Metn MP Nabil Nicolas told The Daily Star that while it was important to keep residents away from electromagnetic fields from high-voltage transmission lines, the priority today was to provide full electricity service to all areas in the country.

“People have to decide whether they want electricity service or not,” said Nicolas.

But Nicolas personally believes the project is an environmental hazard and said he would not have adopted Bassil’s current position.

“If I were Bassil, I wouldn’t have taken responsibility for the issue,” said Nicolas, adding that the Cabinet as a whole should deal with it since the Council for Development and Reconstruction is involved.

“This matter will not be solved through political rivalry,” said Nicolas. “It’s a national crisis. If one region in the country adopts an underground system of transmission lines, other regions would also demand a similar project, which Lebanon cannot currently afford.”

While many residents in Ain Saade are firmly united against the project’s implementation, a resident told The Daily Star that mayors and mukhtars have different opinions, based on their political affiliations.

“While the town’s mukhtar and Beit Mery’s mayor have been backing the residents, Ain Saadeh’s mayor is currently campaigning in the area to convince residents of the safety of the project because he is affiliated with the FPM,” said Degaulle Azar, whose house is only few meters away from two 20-meter tall electricity pylons.

“I was an FPM member for 23 years and I have campaigned for this movement. Why are they considering us ignorant? We know the dangers of this project to our lives,” said Azar.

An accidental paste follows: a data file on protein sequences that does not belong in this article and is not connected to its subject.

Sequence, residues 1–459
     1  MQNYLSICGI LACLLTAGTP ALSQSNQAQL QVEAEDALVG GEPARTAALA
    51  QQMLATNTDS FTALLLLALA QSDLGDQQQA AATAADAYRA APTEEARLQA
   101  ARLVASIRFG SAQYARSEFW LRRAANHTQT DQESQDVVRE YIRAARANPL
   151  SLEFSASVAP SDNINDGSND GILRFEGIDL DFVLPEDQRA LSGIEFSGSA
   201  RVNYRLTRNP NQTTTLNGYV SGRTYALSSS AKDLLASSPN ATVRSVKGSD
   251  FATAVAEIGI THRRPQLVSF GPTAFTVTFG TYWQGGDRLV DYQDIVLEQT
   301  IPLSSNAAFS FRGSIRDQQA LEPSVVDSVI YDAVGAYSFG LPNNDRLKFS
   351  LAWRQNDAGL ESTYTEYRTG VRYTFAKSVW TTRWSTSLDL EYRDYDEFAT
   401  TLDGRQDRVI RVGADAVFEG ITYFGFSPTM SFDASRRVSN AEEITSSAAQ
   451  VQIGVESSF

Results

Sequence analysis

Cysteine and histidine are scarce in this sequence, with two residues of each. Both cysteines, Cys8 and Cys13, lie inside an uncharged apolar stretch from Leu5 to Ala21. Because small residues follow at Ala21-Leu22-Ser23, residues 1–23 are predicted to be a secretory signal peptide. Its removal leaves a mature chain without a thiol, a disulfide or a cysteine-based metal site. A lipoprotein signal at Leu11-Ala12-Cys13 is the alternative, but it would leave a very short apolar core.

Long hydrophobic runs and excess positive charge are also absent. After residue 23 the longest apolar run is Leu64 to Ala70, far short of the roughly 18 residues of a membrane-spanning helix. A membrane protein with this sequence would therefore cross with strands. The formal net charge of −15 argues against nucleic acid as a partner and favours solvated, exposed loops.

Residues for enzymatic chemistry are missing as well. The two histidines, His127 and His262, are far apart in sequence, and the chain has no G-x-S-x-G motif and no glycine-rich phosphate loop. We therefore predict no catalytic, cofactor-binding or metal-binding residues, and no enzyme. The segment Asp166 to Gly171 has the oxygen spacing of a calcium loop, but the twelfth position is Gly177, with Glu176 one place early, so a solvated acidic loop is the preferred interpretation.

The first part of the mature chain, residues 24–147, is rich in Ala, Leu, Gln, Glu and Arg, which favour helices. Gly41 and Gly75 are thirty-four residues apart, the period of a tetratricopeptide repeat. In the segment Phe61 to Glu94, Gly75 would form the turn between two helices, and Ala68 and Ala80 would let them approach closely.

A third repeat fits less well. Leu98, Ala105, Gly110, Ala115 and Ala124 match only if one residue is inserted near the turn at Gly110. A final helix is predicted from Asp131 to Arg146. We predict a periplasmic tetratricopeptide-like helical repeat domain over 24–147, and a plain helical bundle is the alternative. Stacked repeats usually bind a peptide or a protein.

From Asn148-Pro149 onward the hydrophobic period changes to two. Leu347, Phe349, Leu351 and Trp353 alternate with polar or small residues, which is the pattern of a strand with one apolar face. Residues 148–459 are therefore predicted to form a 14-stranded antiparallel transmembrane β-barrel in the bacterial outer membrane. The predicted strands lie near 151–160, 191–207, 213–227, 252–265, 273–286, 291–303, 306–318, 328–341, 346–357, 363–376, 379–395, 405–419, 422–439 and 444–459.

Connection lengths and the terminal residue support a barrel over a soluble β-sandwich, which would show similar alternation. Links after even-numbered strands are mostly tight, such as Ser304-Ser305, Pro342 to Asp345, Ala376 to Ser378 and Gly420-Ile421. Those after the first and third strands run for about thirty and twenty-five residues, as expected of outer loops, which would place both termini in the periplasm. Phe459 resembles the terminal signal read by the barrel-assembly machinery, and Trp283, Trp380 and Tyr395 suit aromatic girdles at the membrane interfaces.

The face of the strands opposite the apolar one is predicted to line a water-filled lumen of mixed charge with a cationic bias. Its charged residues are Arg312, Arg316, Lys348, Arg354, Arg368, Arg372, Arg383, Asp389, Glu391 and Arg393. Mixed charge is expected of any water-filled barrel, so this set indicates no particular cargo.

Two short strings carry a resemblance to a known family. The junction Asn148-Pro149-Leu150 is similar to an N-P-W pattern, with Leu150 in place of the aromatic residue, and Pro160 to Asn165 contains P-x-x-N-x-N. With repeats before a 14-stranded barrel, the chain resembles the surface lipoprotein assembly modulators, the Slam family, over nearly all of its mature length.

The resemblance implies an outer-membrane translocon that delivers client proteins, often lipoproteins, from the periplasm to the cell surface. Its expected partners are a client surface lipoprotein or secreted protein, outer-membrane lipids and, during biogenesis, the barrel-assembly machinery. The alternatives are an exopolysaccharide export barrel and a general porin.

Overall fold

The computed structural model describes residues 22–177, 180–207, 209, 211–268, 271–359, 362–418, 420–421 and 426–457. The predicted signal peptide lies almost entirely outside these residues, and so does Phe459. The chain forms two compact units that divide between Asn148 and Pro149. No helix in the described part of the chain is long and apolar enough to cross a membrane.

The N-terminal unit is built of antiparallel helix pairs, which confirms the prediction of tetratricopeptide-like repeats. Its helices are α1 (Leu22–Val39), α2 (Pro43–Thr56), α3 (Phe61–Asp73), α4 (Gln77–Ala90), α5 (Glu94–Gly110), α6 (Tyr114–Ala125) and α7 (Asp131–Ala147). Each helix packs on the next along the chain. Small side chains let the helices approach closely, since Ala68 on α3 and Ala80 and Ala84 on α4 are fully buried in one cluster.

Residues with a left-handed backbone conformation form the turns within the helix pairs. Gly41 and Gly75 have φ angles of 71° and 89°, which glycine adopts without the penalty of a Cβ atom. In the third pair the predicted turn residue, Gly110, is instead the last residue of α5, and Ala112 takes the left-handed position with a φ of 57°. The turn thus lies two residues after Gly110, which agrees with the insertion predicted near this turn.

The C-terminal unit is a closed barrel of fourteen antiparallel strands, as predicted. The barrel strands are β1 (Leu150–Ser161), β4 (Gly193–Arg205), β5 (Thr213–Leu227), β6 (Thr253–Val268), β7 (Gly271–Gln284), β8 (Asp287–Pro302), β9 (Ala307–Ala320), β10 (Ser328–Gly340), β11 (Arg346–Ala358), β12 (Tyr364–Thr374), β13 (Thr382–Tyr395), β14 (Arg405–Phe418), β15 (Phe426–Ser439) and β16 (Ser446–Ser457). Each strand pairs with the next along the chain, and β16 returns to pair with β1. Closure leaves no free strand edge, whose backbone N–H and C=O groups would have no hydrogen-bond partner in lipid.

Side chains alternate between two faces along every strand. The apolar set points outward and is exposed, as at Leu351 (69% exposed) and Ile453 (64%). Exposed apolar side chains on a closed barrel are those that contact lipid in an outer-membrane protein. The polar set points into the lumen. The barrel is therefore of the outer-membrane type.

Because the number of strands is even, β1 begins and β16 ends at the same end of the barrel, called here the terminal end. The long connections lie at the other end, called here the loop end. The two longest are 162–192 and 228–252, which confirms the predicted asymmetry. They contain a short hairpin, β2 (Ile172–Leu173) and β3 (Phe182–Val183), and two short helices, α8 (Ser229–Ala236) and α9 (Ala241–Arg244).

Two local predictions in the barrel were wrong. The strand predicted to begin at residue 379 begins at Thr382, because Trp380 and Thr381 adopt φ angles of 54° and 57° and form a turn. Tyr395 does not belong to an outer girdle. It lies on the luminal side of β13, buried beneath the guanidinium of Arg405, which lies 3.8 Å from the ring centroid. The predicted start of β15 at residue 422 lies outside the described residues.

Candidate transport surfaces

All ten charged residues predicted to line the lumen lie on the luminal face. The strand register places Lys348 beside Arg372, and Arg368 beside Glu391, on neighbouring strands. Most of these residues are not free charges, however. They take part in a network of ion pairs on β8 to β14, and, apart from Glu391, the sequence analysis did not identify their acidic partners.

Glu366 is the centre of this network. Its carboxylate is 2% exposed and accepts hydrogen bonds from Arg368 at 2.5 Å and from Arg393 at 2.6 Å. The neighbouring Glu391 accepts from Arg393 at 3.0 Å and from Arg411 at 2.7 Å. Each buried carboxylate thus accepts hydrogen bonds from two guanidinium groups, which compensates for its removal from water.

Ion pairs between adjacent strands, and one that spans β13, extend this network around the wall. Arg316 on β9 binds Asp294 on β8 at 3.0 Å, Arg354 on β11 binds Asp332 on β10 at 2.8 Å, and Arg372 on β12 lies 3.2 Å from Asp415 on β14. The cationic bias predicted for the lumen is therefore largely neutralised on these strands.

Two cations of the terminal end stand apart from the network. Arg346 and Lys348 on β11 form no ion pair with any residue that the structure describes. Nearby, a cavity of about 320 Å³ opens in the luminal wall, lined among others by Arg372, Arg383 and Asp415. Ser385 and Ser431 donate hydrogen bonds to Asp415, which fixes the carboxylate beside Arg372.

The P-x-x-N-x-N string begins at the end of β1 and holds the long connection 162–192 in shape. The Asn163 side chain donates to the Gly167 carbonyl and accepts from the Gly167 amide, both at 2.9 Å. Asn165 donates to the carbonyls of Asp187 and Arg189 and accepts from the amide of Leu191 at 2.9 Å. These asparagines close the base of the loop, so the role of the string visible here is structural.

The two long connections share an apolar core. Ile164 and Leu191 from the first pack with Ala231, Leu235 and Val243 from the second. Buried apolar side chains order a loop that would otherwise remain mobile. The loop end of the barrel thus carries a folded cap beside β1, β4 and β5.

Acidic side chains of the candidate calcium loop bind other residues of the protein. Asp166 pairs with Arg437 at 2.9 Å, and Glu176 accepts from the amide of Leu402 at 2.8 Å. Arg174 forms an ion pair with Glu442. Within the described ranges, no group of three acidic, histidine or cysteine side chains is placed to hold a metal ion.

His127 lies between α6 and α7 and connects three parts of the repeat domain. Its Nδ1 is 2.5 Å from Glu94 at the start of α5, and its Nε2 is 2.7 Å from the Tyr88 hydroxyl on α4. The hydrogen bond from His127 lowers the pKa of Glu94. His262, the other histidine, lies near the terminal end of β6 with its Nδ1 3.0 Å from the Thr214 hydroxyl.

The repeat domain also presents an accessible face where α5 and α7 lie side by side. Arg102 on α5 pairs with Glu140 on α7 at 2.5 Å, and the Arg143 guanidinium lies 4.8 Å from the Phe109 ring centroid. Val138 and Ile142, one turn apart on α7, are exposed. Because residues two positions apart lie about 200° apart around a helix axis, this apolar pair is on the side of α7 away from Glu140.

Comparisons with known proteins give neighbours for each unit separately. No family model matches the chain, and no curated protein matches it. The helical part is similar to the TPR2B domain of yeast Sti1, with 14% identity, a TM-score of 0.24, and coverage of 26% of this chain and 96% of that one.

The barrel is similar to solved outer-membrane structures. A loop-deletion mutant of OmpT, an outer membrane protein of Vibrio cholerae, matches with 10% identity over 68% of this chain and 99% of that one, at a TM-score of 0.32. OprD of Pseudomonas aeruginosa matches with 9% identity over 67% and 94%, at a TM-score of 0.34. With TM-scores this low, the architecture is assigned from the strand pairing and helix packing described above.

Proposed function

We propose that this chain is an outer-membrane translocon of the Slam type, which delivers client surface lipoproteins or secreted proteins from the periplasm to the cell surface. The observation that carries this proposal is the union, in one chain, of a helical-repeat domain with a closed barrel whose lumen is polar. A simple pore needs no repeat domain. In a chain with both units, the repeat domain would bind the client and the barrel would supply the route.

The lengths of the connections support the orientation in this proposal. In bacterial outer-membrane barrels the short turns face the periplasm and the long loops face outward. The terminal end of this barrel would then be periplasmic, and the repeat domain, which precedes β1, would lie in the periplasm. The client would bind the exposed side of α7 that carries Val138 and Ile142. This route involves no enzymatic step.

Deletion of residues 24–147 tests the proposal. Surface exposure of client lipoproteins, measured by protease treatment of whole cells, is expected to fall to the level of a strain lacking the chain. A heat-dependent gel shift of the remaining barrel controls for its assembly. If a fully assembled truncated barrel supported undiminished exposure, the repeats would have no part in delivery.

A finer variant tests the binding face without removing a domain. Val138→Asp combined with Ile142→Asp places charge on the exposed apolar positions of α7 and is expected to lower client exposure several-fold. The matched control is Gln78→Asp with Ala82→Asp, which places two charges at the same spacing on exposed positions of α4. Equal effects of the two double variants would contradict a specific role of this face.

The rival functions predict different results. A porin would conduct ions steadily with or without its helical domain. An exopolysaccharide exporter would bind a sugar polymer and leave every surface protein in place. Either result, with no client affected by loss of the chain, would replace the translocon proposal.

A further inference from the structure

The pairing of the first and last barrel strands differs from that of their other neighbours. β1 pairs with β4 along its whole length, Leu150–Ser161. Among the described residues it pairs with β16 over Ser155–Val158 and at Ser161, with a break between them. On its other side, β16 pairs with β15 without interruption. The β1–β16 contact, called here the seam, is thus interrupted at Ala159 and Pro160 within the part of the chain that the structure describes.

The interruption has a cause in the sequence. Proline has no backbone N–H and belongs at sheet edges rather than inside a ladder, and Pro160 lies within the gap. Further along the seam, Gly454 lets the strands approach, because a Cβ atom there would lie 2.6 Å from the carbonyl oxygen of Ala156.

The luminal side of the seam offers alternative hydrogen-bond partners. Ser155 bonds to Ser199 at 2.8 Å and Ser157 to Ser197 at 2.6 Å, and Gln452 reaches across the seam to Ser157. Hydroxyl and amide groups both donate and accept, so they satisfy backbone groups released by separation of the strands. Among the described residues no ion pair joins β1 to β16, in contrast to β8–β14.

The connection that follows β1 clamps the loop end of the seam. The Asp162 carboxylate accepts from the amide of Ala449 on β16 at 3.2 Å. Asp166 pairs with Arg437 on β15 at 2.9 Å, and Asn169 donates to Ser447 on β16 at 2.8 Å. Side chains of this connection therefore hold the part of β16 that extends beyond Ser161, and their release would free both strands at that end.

Recalling the demonstrations against the project in 2005 and 2006, Azar said that Metn MPs who are now silent were burning tires on the road in protest against the project.

“Let us wait and see how many votes these MPs will receive in 2013 elections. If they think that they can force this project on people’s lives, they are mistaken,” Azar said.

According to Azar, the FPM has gone back on its positions in other matters as well. “They [FPM] were in harsh rivalry with Hezbollah, then all of a sudden they became friends and we said, ‘Okay,’” said Azar. “They were against family politics but then all of a sudden Aoun’s extended family is in power. They supported women’s rights, [but] they didn’t even get one woman in the government.”

“We will try to get the support of Parliament members because what is important for us is not to let them put those cables over our heads,” said Azar.

Another Ain Saade resident said she has given up hope on all politicians because no one cares about the people. “I won’t vote for anyone in the 2013 elections, but I warn them against coming back here to install more cables,” said Haifa Haddad. “We will break the poles if they come again.”

“We will confront the government in all peaceful ways,” said a neighbor of Haddad whose children sleep only five meters from high voltage cables.

“I don’t understand the minister. Does he want to hurt us more? Most people in the area are FPM supporters, but I don’t know if they will vote for them anymore,” said Sleiman Shaaya.

According to many residents in the area, real-estate prices and the value of their houses are falling significantly because of the high-voltage transmission lines in the area. “It’s quite natural,” said Azar. “No one is interested in living here anymore because of these cables and the dangers they cause.”

As the standoff between the government and residents intensified after the government’s decision to provide the Energy Ministry security cover to implement the project, residents said more confrontations are on the horizon.

“I am definitely not voting for the same people in 2013 if they continue bothering us with this project,” said Shaaya. “There are healthier ways to provide electricity to the people," he added. “Isn’t public health important?”

A version of this article appeared in the print edition of The Daily Star on August 20, 2011, on page 3.